Contextual info lit

Soldiers in training
By Staff Sgt. Richard Wrigley ( [Public domain], via Wikimedia Commons
Last week I ended the post with a reference to the K-12 context.  The theme of context also came up in a recent webinar (Hinchliffe & Brown, 2016).

Lisa Janicke Hinchliffe (University of Illinois at Urbana-Champaign) and Karen Brown (Dominican University) discussed collaborative team-based assessment.  They described how a collaborative assessment project requires:

  1. Team members with diverse perspectives
  2. Stakeholder buy-in from clear directions and realistic expectations
  3. Alignment with institutional priorities and mission
  4. A capable team leader/facilitator
  5. Political skill/organizational knowledge

Note how items three and five directly address the larger institutional context, with item one implying it.

The presenters spoke of “evidence-based advocacy,” using the results of assessment to prove your value to relevant stakeholders.  Doing so implies knowing what evidence matters most to which stakeholders.  Again, context matters.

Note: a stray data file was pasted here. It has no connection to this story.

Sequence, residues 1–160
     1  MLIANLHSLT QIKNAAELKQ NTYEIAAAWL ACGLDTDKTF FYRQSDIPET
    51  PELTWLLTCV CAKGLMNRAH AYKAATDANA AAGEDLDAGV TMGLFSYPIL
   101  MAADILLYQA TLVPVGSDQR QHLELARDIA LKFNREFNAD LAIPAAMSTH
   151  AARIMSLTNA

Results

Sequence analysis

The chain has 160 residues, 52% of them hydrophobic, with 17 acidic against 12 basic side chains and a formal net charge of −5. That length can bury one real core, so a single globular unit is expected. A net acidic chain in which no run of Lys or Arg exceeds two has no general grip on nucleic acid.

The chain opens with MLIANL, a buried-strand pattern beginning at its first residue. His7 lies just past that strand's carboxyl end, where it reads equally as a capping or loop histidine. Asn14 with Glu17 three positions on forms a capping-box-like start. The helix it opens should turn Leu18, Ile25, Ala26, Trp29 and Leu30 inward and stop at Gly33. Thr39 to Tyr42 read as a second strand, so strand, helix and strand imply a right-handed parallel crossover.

The ACRL Framework came out of the need to consider the larger “information ecosystem” (Association of College & Research Libraries, 2015, Introduction, para. 1).  For example the soldiers pictured above don’t work in the same environment that civilians do.  We work in a different environment than do those outside of higher education, and USM is a specific context.  In short neither assessment nor information use happen in a vacuum.


Association of College & Research Libraries. (2015).  Framework for information literacy for higher education. Retrieved from ACRL website:

Hinchliffe, L. J., & Brown, K. (2016, November 16). Team-based assessment: Collaborating for a campus message about student learning [Archived

presentation].  Retrieved from

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